“We're Still Hungry!” Student Lunches Leave Stomachs Rumbling

A YouTube video created by Kansas students echoes concerns heard in Los Angeles over new dietary guidelines that slash the calorie count of school lunches.

New federal regulations limiting calories in school lunches have some students claiming they go home hungry.

The culinary change inspired a group of students to create a video about it, which has garnered more than 390,000 views and counting. Collapsing at practice and crawling on the floor in exhaustion are actions depicted in a parody based on the song "We Are Young" by the band Fun.

"We are Hungry" was created by students and two teachers at a high school in Kansas in response to the Healthy Hunger-Free Kids Act passed by Congress in 2010, which limits calories to 850 for high school students, 750 for middle school children and 650 for elementary students.

There is also a Facebook page, Nutrition Nannies, now dedicated to growing frustrations.

The meal requirements implemented this school year call for more fruits and vegetables and less sugar and sodium. They are part of a new bill championed by First Lady Michelle Obama. Two congressmen have now introduced another bill, "No Kids Hungry Act", that would repeal the calorie restrictions.

"The rest of the nation is now seeing a lot of the impact," said David Binkle, the director of food services for LAUSD. Last year, Binkle’s district adjusted its menu to include more nutritious foods.

"More than 72 percent of our produce line last year came from within 200 miles of downtown Los Angeles," Binkle said.

The menu switch came with criticism. Binkle admits the district has had to make changes based on parents and student taste tastings like this one: jambalaya and Asian Pad Thai are now off the table while others made the cut.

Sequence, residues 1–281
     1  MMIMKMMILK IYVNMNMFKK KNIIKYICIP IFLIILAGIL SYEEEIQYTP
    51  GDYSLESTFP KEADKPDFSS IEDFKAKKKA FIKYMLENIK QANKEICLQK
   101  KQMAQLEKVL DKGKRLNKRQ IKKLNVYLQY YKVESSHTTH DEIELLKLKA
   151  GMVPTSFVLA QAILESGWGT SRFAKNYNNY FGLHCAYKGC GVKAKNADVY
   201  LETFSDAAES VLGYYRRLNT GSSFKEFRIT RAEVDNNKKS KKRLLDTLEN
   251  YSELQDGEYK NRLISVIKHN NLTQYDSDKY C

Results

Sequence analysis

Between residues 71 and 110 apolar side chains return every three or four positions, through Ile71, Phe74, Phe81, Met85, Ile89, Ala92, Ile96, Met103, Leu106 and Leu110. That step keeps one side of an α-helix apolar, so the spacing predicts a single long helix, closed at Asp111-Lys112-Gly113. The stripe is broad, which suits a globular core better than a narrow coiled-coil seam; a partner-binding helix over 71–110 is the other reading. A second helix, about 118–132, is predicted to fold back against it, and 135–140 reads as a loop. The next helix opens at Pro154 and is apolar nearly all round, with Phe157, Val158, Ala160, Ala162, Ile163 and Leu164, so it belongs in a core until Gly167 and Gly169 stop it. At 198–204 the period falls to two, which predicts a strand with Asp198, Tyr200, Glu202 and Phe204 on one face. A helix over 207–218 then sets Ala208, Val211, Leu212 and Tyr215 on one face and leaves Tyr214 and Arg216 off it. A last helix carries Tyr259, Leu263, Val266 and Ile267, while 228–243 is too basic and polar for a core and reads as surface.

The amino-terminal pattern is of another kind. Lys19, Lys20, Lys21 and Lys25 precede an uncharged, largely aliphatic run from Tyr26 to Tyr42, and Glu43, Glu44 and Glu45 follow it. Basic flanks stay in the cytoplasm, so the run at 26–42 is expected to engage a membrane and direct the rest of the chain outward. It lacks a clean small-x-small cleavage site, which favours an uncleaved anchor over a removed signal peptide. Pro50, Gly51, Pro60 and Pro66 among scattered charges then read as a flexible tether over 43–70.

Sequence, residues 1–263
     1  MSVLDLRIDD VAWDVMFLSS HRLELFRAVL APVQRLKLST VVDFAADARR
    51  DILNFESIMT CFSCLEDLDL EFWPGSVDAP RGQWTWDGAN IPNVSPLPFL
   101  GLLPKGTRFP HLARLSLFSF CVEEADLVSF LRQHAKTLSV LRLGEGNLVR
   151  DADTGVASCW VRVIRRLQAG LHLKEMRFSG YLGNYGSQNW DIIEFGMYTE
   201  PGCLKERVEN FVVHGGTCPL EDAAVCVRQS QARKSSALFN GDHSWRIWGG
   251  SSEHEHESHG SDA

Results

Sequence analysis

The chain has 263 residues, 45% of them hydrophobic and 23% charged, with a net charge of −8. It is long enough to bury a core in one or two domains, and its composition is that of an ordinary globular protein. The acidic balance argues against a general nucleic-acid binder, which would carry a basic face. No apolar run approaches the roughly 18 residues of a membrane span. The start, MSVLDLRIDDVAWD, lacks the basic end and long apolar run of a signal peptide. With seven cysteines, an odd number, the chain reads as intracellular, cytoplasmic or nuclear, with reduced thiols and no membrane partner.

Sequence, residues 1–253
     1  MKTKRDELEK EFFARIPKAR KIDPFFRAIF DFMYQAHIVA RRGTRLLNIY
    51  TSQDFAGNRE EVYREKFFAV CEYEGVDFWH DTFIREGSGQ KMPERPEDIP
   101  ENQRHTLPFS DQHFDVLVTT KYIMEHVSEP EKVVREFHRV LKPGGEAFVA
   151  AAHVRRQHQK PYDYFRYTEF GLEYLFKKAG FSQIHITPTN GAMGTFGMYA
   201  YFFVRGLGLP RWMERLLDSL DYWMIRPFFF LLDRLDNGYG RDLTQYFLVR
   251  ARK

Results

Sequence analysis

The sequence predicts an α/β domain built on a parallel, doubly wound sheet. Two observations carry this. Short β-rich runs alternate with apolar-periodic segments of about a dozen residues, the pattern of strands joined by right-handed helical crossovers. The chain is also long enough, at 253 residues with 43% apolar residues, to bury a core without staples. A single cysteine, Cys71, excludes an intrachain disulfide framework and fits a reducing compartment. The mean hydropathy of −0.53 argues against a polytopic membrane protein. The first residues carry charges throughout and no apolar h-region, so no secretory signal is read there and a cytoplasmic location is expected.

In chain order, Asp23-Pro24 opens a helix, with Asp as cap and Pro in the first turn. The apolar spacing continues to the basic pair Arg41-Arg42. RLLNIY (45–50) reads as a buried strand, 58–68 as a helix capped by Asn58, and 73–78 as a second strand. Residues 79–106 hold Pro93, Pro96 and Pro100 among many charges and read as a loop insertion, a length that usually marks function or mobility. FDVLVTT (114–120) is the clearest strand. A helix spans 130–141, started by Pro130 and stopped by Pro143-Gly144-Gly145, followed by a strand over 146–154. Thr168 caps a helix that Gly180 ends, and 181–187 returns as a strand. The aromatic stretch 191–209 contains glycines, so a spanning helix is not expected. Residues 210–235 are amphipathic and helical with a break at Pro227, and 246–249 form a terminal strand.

"Chicken fajita with brown rice are very popular. [So is] Teriyaki chicken," Binkle said.

According to the district, complaints have lessened this year. LAUSD serves 650,000 meals a day and has begun serving in-classroom breakfasts at 278 schools and has after-school supper programs in more than 500 schools.

Fifth graders Clemente Torres and Zack Hinkle say the lunches at school are actually quite tasty but the boys are often left wanting more.

"Sometimes they give you one little piece of chicken...sometimes it's not enough," Hinkle said.

When asked if they felt hungry after lunch:

"No, not most of the time. After lunch we just go and play," the boys responded.

Even so, mother Genesis Torres says there are complaints. She has opted to, at times, send Clemente to school with a bagged lunch. For her however, healthier options are better than the alternative.

"Overall, I think it's better that they don't give them too much. They give them smaller portions, which is good," Torres said.

Binkle insists adapting to change will take time. He cites kids’ initial opposition to yogurt when it was introduced in school lunches. Now, many don't think twice about eating it.

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